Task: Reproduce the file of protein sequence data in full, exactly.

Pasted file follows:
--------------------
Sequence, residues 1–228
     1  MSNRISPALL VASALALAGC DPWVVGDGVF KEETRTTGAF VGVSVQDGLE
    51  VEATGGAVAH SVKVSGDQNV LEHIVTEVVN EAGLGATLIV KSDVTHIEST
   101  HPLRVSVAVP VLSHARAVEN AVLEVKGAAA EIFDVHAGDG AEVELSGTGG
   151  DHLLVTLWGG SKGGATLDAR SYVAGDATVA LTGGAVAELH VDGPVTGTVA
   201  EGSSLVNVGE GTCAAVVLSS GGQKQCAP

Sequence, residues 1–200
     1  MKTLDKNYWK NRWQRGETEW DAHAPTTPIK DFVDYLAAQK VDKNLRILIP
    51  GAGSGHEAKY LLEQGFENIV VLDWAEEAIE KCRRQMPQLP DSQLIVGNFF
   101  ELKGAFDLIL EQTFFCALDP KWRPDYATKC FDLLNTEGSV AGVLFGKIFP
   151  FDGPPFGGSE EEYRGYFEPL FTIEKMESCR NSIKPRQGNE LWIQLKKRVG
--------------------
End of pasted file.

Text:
Sequence, residues 1–228
     1  MSNRISPALL VASALALAGC DPWVVGDGVF KEETRTTGAF VGVSVQDGLE
    51  VEATGGAVAH SVKVSGDQNV LEHIVTEVVN EAGLGATLIV KSDVTHIEST
   101  HPLRVSVAVP VLSHARAVEN AVLEVKGAAA EIFDVHAGDG AEVELSGTGG
   151  DHLLVTLWGG SKGGATLDAR SYVAGDATVA LTGGAVAELH VDGPVTGTVA
   201  EGSSLVNVGE GTCAAVVLSS GGQKQCAP

Sequence, residues 1–200
     1  MKTLDKNYWK NRWQRGETEW DAHAPTTPIK DFVDYLAAQK VDKNLRILIP
    51  GAGSGHEAKY LLEQGFENIV VLDWAEEAIE KCRRQMPQLP DSQLIVGNFF
   101  ELKGAFDLIL EQTFFCALDP KWRPDYATKC FDLLNTEGSV AGVLFGKIFP
   151  FDGPPFGGSE EEYRGYFEPL FTIEKMESCR NSIKPRQGNE LWIQLKKRVG